It's early morning here in Vancouver and I just came back from my long vacation in France and Italy. I've tried different strategies to beat jet lag, but nothing worked. It's 3 am here (noon over there) and both my brain and my stomach are still working on European time!
Something tells me that as time goes by, I will miss those Provencal and Ligurian brunch bites more and more ... As well as the lifestyle, culture, history, streets of Paris and crickets and smells of Provencal villages.
So before I start forgetting, let me sort my photos and notes and put some thoughts in writing about places I visited in France and Italy with a focus on, of course, cuisine.
I have collected interesting regional recipes, culinary ideas and stories.
My camera caught moments from Paris to Provence and French and Italian Riviera, and some 1000 km road trip photo journal Sanremo - St. Tropez - Lyon - Paris.
I will try to transfer some of my impressions from this trip, from time to time in my posts, so stay tuned!
So bienvenue to the first stop in my French journal:
Summer in Paris is so packed with tourists, you have to be ready for long lineups or give it up for other "less touristy" but not less interesting things.
|Notre Dame cathedrale|
Our hotel was in Montparnasse area, 30-min stroll from Eiffel Tower, but Parisian metro turned out as an excellent option to explore the city.
|Champs Elisees trafic jam|
Formula for good morning in Paris and other French cities is actually "the formula"- croissant, juice and coffee, advertised from almost every bulangerie and cafe shop. I also noticed popularity of Nespresso and Nescafe in France. For an espresso fan like me, I must admit, Nespresso makes great espresso, with no mess!
Continuing with grocery selection in Paris supermarkets, I can't forget varieties of French cheeses and milk products. There is one gourmet product I became a huge fan of: sheep milk yogurt with mashed chestnut. It's not hard to make it at home with the recipe I show later on at the end of this post. Sheep milk is a must to achieve the perfection!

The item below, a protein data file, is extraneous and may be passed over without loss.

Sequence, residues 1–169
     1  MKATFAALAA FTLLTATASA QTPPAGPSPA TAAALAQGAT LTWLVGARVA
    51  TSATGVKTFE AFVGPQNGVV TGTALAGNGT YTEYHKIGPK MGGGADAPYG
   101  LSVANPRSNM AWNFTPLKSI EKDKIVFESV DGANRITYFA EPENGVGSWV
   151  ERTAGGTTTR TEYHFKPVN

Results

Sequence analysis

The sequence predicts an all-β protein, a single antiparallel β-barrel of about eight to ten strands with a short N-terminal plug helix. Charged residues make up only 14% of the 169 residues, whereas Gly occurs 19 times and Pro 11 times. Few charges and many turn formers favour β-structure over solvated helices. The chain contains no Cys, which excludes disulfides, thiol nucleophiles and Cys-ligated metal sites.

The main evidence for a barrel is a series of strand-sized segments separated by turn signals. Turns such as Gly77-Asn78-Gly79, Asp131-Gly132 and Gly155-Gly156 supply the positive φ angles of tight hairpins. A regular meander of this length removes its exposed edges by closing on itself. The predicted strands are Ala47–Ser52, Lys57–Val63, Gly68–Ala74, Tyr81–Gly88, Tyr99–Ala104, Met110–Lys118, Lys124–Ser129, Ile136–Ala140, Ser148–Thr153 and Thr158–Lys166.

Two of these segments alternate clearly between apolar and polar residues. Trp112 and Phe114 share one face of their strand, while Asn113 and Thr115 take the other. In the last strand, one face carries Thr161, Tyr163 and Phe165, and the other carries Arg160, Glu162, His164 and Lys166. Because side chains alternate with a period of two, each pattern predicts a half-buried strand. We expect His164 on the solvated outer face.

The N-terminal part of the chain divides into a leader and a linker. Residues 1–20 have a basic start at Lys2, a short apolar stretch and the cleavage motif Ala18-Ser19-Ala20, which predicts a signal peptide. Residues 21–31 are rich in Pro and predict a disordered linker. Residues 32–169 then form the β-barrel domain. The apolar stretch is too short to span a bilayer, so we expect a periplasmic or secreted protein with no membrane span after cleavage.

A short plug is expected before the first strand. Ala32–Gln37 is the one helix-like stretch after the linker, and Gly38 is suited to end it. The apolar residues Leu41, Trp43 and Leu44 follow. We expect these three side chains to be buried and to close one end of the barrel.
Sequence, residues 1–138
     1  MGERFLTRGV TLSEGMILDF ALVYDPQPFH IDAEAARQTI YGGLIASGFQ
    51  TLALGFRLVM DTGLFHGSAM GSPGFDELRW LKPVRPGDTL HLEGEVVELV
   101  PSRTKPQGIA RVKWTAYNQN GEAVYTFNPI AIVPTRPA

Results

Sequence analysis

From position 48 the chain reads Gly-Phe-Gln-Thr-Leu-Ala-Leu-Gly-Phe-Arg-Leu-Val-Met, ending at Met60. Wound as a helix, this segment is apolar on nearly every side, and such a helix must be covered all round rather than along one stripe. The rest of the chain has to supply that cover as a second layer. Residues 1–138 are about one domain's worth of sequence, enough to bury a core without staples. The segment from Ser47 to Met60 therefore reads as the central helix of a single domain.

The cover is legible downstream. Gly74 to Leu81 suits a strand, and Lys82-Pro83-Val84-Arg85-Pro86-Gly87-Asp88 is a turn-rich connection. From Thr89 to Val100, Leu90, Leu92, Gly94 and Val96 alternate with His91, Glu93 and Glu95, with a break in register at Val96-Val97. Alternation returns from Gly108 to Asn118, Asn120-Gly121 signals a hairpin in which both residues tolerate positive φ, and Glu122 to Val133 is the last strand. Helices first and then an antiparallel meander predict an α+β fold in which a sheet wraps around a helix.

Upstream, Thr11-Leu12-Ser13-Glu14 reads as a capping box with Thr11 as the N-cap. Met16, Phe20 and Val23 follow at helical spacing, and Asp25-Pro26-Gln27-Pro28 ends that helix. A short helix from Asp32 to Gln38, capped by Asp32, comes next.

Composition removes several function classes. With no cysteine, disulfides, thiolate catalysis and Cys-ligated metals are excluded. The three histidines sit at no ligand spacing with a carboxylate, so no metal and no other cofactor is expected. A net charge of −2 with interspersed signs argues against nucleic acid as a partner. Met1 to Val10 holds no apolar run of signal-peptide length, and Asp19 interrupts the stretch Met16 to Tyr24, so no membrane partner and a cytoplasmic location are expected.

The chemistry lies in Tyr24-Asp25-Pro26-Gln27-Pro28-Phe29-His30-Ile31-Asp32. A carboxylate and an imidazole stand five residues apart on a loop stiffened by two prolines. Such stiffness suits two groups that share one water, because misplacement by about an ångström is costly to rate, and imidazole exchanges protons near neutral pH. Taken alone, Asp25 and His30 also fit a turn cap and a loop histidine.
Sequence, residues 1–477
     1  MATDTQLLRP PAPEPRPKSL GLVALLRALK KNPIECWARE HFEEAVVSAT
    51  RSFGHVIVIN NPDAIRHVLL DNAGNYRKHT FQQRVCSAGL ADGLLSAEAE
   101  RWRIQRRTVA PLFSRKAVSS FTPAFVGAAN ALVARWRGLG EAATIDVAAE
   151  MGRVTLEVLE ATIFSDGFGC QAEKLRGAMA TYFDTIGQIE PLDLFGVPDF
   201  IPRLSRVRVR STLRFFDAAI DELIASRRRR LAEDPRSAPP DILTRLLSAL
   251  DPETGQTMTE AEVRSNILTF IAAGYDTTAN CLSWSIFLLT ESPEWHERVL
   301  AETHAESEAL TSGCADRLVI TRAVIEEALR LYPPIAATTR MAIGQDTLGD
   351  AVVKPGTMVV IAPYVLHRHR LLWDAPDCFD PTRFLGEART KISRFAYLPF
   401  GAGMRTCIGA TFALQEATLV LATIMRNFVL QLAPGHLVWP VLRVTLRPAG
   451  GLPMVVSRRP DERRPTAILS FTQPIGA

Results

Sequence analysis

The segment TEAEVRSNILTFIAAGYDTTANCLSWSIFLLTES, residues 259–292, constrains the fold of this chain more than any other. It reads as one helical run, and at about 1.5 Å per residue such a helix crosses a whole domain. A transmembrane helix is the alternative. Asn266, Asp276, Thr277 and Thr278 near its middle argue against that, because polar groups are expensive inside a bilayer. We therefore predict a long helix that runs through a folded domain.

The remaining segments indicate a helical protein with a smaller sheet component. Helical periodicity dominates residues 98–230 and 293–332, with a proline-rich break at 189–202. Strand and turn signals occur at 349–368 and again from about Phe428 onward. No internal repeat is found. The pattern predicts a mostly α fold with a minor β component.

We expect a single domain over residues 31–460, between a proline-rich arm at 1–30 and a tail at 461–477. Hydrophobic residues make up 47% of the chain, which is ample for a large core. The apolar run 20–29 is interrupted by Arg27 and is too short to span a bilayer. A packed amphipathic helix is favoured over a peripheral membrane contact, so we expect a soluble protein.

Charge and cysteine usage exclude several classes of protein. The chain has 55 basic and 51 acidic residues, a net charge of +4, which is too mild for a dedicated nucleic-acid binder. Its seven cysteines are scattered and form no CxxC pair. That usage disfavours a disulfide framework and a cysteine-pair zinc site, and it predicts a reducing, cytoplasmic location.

Another highlight from French supermarkets was, of course, wine selection, again for a fraction that we have to pay in North America. Those evil North American liquor taxes!
I have also learned few interesting facts about the famous Poilâne bread: There is the Poilâne bread, and there is also the Max Poilâne bread. Max and Lionel Poilâne are brothers who, after their father original store opened in Paris, continued their work separately but basically with the same original father's recipes. I have tried both breads and they pretty much taste same for me. Parisians still argue, which one is better. There is one big difference between them, and that is their price. Max's bread is significantly cheaper, available in ordinary supermarkets and relatively unknown outside of France.
1.1 lbs wheat flour
0.11 lbs granulated sugar
0.42 oz. salt
0.53 oz. fresh yeast or 0.26 dry yeast
diluted in a cup of water
7 oz. room temperature butter
7-8 branches of fresh mint
3-4 small brioche pans (optional)
4 cups (0.5 kg) wheat flour
10 tsp (50 gr) granulated sugar
1 tbs (12 g) salt
1.5 tsp instant dry yeast diluted in a
1 cup of tepid water
200 gr room temperature butter
branches of fresh mint
small brioche pans (optional)
Strip the mint leaves from their stems, rinse them and chop them in small pieces.
In a large bowl or on a counter, combine the flour with the salt, the granulated sugar, and the yeast.
Add the eggs – one by one – to the mix.
Blend in the butter and the mint leave bits.
Create a loaf and place in a floured bowl. Cover with the cotton cloth and let rest for an hour.
Recreate a loaf and let it rest for 20 min.
Cut the dough into 3 pieces. You can either create 3 small brioche loaves or 1 larger braid.
Cover your creation with the cloth and let it rest until it doubles in volume. Poilane have on their web page fun and interesting baking instruction sheet. I added it here.
1 cup of plain cow milk yougurt
1 l of whole sheep milk
8 tbsp of mashed cooked chestnut
Pour the yogurt into a bowl and the milk gradually, stirring constantly with a whisk.
Divide the mashed chestnuts in pots. Fill the pots with mix of plain yogurt and sheep milk and place them in a yogurt maker, or if you don't have a yogurt maker, just leave them on the counter for about two days to ferment the milk. Close the yogurt lids.
After two days, check yogurt's fermentation and thickness and transfer it to the fridge for next few days before consuming.